I have no easy way to jump from the previous paragraph to this one, so here’s more stuff from past editorials that I’ll keep mentioning until I get some of these articles.
I was just thinking about various newsletter-y things earlier this evening, and you know what I’d really like to see? An in-depth article or two about occult/paranormal detectives. Anyone interested in writing it? Query me. Thanks!
Also, I’d LOVE (really!) to see what you as a writer (or artist or editor or whatever) do for marketing and promotion of your work. I want to run these useful bits in upcoming issues. The marketing tips and techniques (blog crawls? Tweets? Press releases? Radio interviews? Cookie-baking contests?) should be no longer than a page or two.
And don’t forget: I am still interested in knowing where you work; it’s one of those things that fascinates me: where does a creative person create. Do you have a cozy shed out in the backyard where you can get away from it all? Do you spread out all your notebooks and pens and imported stationery across a wide-planked verandah as you catch those cooling evening breezes? Have you snagged an isolated spot in the quiet living room, the noisy laundry room, the cobweb-infested basement? Are you camping out in a garret (aka the attic)? Do you have an actual office set aside, filled with all the incredibly neat stuff that serious writers and artists need? Let me know where you work … and include a photo or two and a line or two or three about the space. I have about a dozen or so submissions right now, and I’m going to run these and the others you’ll be sending me in future issues.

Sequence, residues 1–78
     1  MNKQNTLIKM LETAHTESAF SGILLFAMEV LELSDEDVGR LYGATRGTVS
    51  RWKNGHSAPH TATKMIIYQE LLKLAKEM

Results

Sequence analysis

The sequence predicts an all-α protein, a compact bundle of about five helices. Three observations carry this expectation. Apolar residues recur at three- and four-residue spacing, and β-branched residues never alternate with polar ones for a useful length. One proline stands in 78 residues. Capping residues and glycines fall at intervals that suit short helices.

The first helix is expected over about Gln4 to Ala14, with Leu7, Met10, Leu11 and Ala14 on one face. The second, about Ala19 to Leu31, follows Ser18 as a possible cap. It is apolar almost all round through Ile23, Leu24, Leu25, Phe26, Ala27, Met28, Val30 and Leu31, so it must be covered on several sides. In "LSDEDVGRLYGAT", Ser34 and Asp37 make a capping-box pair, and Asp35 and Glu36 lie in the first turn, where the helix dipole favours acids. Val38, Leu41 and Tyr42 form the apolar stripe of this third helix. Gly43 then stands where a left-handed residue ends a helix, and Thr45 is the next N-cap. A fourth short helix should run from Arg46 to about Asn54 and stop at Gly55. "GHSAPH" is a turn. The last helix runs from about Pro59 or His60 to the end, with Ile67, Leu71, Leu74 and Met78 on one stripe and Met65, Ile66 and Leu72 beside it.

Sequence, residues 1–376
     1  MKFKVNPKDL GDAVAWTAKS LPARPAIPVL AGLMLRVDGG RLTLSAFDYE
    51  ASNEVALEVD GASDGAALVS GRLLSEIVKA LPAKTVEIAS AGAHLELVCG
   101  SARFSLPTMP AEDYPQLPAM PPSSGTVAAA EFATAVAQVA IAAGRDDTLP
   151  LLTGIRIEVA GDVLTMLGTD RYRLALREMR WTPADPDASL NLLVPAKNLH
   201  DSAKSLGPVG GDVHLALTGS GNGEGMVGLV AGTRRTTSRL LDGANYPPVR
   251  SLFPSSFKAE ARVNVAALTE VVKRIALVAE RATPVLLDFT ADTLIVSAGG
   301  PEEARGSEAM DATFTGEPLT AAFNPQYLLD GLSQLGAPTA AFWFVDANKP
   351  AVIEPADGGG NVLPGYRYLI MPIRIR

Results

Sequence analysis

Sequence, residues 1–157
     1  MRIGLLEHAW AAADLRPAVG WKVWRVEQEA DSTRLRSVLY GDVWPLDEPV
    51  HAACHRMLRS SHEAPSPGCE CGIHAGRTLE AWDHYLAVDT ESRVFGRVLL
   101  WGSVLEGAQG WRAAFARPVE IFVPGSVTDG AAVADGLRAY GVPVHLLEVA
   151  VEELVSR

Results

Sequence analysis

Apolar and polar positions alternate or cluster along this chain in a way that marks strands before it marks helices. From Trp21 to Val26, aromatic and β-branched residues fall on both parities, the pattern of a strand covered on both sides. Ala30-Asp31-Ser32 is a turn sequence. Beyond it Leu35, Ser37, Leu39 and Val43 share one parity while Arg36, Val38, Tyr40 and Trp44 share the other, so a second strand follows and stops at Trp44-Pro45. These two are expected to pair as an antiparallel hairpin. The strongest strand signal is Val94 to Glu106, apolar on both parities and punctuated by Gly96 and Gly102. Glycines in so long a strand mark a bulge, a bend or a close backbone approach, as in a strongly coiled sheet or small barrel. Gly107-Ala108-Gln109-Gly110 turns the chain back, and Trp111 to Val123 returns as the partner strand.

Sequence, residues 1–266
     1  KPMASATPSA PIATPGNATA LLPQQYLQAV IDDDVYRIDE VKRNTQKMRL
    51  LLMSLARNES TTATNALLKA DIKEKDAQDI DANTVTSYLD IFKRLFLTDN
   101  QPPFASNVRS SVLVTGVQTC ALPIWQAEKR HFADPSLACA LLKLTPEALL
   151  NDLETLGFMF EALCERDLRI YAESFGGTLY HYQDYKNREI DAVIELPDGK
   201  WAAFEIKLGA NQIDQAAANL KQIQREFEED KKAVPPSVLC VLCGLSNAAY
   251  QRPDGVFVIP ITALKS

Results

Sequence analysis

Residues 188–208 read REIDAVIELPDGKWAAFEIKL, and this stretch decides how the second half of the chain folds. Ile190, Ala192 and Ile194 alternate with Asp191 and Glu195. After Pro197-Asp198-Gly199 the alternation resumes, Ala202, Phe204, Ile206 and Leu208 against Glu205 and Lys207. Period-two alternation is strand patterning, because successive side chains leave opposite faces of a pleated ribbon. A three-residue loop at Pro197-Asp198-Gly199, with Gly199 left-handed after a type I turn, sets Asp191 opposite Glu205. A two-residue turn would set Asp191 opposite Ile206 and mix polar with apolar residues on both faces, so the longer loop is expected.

And, as always, I’d like to see articles (or perhaps columns) on the following:
– YA horror (writing, marketing, etc.)
– unusual stuff out in the horror world
– comics and graphic novels
– writing plays
– writing films
– writing stuff we don’t know much about
– publicity and marketing
– media tie-ins and novelizations
– writing computer games
– collaborations (the good, the bad, and the ugly)
– horror subgenres (historical, sf, mystery, etc.)
– horror photography
– the ups and downs, ins and outs of self-publishing
– horror in other countries
– writer archives/library collections